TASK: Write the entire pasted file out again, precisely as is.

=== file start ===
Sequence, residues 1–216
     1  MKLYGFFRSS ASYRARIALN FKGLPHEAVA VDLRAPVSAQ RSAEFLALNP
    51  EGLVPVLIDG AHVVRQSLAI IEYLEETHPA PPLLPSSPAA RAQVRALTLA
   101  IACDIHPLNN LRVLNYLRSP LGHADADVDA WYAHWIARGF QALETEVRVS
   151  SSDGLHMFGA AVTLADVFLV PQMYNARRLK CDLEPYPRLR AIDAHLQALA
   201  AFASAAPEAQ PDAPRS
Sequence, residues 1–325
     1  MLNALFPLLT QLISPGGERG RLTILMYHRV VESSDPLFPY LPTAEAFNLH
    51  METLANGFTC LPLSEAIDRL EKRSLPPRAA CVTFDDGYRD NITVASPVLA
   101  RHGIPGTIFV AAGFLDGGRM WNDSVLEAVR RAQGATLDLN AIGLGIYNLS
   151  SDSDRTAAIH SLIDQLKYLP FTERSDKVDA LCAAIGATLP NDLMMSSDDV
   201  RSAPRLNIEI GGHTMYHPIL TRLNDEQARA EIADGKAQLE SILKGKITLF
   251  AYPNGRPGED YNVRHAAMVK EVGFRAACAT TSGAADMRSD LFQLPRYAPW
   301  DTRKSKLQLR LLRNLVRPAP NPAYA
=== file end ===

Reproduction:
Sequence, residues 1–216
     1  MKLYGFFRSS ASYRARIALN FKGLPHEAVA VDLRAPVSAQ RSAEFLALNP
    51  EGLVPVLIDG AHVVRQSLAI IEYLEETHPA PPLLPSSPAA RAQVRALTLA
   101  IACDIHPLNN LRVLNYLRSP LGHADADVDA WYAHWIARGF QALETEVRVS
   151  SSDGLHMFGA AVTLADVFLV PQMYNARRLK CDLEPYPRLR AIDAHLQALA
   201  AFASAAPEAQ PDAPRS
Sequence, residues 1–325
     1  MLNALFPLLT QLISPGGERG RLTILMYHRV VESSDPLFPY LPTAEAFNLH
    51  METLANGFTC LPLSEAIDRL EKRSLPPRAA CVTFDDGYRD NITVASPVLA
   101  RHGIPGTIFV AAGFLDGGRM WNDSVLEAVR RAQGATLDLN AIGLGIYNLS
   151  SDSDRTAAIH SLIDQLKYLP FTERSDKVDA LCAAIGATLP NDLMMSSDDV
   201  RSAPRLNIEI GGHTMYHPIL TRLNDEQARA EIADGKAQLE SILKGKITLF
   251  AYPNGRPGED YNVRHAAMVK EVGFRAACAT TSGAADMRSD LFQLPRYAPW
   301  DTRKSKLQLR LLRNLVRPAP NPAYA